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I've heard some very conflicting information regarding the effect of lowering the house heating thermostat at night. On one hand there are academic papers (such as Thermostat strategies impact on energy consumption in residential buildings, Energy and Buildings 43 (2011) 338–346) that mention "significant" energy savings. There's also https://campusops.uoregon.edu/utilities-services/energy-conservation-myths that confirms the idea.

On the other hand, there are back-of-the-envelope calculations such as http://www.ahok.de/en/night-set-back.html that tend to minimize the effect of night setback.

So which is correct? Does lowering the heating thermostat at night (by, say, 5°C) really help save energy?

  • So far as I can see, the link that you provide doesn't dismiss the idea at all. – Flyto Jun 26 '14 at 12:53
  • @SimonW I'm sorry, my mistake. I had another paper in mind. I'll update the question. – lindelof Jun 26 '14 at 13:02
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tl;dr: Yes, lowering the room thermostat at night will generally help save energy, assuming we are in the heating season (winter), rather than the cooling season (summer).

Let's take two points in time, one before the night, one after it. Let's choose them so that the dwelling has the same amount of heat energy contained within it at each point, so all the heat lost, has been regained from the heating (and sun, and ambient gains). So if more energy has been lost in the night, then more energy has had to be put in by the heating. And if less energy has been lost in the night, then less energy has had to be put in the heating.

Now, the rate of heat loss at any one moment is roughly speaking proportional to the temperature difference between inside and outside, assuming it's colder outside. The bigger the temperature difference, the faster the heat loss rate.

If we lower the thermostat at night, then that will allow the internal temperature to drop lower. That means that the temperature difference between inside and outside will be less. And that means the rate of heat loss will be lower. And that means the energy required from the heating system, to bring it back up to full warmth, will be less.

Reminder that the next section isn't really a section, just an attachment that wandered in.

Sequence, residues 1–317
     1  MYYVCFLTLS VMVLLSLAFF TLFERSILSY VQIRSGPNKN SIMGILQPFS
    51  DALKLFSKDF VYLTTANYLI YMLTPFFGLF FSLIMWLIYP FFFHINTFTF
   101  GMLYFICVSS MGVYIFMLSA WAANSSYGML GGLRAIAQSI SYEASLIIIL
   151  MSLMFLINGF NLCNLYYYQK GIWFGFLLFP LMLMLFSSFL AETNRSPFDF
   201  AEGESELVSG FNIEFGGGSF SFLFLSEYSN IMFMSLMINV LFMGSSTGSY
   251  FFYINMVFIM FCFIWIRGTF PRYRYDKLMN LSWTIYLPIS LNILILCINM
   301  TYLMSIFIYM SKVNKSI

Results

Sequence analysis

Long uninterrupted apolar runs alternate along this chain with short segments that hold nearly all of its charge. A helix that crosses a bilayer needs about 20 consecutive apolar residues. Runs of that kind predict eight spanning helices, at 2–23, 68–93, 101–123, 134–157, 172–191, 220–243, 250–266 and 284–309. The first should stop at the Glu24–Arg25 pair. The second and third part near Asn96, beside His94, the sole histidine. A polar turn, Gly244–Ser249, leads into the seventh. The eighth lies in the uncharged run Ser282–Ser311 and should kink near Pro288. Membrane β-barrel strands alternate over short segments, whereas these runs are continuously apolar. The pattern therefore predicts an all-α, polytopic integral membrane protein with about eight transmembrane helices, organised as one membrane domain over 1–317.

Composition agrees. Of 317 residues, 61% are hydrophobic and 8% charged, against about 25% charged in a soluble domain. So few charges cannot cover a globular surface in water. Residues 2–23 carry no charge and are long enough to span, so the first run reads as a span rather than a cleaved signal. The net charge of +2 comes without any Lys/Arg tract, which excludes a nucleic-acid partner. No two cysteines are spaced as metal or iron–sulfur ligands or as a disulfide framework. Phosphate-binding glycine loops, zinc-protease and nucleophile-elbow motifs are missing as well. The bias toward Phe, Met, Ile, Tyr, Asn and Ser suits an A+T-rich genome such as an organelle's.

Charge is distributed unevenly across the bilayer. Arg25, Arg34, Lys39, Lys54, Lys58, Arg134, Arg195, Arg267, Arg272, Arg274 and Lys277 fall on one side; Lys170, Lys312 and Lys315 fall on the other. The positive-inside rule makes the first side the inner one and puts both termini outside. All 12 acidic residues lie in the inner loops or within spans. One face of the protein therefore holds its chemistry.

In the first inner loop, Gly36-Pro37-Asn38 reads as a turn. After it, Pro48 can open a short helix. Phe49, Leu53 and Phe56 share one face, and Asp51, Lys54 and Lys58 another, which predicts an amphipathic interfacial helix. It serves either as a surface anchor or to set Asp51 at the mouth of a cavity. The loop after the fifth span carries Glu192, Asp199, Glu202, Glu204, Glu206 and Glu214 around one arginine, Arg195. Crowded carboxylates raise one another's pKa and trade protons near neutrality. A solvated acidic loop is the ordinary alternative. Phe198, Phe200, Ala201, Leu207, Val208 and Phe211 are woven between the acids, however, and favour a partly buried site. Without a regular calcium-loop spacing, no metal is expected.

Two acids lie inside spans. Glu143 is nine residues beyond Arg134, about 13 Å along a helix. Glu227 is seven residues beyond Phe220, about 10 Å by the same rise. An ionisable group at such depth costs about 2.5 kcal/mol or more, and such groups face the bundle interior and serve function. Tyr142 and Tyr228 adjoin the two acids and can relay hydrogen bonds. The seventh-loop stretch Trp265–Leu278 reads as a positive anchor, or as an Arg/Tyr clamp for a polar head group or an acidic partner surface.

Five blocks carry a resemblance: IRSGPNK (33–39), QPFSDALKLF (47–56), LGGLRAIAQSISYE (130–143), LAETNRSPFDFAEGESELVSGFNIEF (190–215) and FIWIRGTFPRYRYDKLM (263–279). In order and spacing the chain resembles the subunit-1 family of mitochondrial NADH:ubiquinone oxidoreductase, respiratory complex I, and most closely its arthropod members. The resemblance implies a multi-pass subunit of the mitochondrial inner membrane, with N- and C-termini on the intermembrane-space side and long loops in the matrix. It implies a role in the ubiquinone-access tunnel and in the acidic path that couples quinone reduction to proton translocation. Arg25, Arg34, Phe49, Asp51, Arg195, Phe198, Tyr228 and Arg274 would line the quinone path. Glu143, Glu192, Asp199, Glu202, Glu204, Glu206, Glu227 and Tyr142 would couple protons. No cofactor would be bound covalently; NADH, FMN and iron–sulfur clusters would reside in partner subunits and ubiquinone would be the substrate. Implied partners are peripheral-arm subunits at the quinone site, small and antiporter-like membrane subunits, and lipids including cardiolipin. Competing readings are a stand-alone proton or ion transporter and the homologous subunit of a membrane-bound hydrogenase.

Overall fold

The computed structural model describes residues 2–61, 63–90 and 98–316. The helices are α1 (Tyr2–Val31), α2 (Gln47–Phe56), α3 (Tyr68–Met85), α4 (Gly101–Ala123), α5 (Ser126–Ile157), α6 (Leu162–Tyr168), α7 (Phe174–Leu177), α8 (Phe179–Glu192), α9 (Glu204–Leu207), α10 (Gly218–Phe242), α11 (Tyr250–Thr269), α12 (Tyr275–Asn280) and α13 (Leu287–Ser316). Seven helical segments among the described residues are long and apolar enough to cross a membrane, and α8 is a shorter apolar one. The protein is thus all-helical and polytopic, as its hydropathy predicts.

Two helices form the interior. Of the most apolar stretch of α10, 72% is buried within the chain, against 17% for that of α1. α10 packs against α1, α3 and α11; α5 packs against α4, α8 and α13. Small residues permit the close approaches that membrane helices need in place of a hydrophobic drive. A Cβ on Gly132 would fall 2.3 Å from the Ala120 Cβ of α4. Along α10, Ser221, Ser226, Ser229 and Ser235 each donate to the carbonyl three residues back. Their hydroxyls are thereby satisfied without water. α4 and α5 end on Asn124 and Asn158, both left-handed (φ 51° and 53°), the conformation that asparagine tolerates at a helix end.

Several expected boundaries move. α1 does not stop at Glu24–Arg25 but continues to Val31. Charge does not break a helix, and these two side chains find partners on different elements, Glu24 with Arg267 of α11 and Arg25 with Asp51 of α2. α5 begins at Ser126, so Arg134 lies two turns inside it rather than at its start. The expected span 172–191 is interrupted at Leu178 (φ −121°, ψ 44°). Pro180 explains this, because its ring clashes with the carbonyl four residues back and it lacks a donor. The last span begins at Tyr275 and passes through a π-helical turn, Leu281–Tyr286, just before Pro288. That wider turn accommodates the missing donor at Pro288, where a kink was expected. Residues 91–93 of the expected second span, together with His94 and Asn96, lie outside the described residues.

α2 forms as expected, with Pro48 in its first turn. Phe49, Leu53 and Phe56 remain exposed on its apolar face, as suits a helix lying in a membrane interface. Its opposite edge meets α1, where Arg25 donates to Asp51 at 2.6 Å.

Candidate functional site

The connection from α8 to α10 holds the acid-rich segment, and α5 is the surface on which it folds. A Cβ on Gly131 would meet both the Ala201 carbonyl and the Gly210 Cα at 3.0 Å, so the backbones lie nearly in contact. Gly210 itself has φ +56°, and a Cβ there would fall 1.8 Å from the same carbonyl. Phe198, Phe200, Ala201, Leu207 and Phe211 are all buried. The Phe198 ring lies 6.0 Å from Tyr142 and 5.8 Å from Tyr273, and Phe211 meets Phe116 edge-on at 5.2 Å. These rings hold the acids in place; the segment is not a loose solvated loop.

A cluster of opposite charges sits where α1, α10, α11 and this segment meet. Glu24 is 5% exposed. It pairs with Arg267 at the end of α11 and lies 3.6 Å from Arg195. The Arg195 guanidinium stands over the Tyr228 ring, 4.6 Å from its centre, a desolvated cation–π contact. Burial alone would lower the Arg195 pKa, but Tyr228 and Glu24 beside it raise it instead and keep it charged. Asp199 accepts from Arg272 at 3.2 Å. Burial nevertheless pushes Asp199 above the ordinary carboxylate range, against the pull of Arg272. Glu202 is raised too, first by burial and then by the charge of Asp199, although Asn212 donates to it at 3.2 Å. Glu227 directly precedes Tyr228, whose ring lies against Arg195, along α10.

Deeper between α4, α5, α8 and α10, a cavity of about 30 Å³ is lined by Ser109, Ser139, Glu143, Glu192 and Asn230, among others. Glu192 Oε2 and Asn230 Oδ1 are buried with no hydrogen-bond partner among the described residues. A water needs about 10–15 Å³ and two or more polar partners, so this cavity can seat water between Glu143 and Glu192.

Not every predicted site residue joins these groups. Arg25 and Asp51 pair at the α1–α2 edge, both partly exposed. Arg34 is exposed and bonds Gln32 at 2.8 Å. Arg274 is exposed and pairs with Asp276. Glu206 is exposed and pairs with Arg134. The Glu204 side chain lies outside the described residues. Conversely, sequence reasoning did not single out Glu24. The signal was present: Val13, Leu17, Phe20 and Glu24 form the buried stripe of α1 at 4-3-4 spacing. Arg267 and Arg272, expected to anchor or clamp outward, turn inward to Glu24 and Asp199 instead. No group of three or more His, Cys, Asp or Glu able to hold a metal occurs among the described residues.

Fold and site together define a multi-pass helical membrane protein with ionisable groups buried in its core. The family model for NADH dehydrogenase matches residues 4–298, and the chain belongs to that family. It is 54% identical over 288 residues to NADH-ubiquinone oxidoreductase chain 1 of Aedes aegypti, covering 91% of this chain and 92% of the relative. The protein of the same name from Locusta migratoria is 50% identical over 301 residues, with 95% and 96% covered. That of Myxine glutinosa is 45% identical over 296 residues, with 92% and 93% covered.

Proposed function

So yes, lowering the room thermostat at night will generally help save energy.

3

A long-term consideration is increased condensation from cooler air in the far corners of rooms, which encourages fungal colonies. These are bad for health and eventually expensive to treat. Keeping a constant temperature diminishes the problem.

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You should find the best time to lower/raise the thermostat. The more thermal inertia your house has (the better it is thermally isolated), the earlier you should lower the thermostat. The faster the heating gets the room warm, the later you can raise the thermostat. Both are best done automatically.

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is it really worth it.. can mean something else as well:
During the wintertime:
Lowering the temperature has (sometimes) a nice side effect - you will lose weight.
The amount of heat given from the body to the room will increase (lowering the temperature from 21 to 19 °C) by 15 % (in comparison for a normal adult person in a resting phase). This energy is created inside your body and so fat gets burned without doing any sport at all.
By the way, you won't catch a flu easier by lowering the room temperature. To get exposed to lower temperatures during the winter time is what our body has dealt with throughout history and is a more natural way of living.
But please, don't over exaggerate this process.
You can still feel comfortable using a blanket for a while .

More information here: http://www.uni-magdeburg.de/isut/TV/Download/Der_Mensch_als_waermetechnisches_System.pdf

0

Yes, as stated in other answers, but you can increase efficiency by using ecm fan motors for central forced air systems. The heating system consists of a heat source (furnace) and a thermal distribution system (fan air handler for forced air systems). It is common to underestimate the energy consumption of the latter. A lot of times, the thermostat can be kept at a lower temperature when unequal heating distribution factors are minimized.

The faster the fan motor turns the more electrical energy is consumed. In many situations, the air handler only has 2 speed settings. Being unable to fine tune the rpm of the fan motor for the minimum rpm needed for thermal distribution costs much in energy consumption particularly if the thermostat is kept constant day and night.

The ecm motor is actually an electronically commutated dc (direct current) motor whose speed is infinitesimally adjusted by an automatic control system for optimum air flow for ambient conditions. It also has the benefit of running much quieter since much of the time the fan runs at a very slow speed maintaining the plateaued thermal inertia throughout the heated space.

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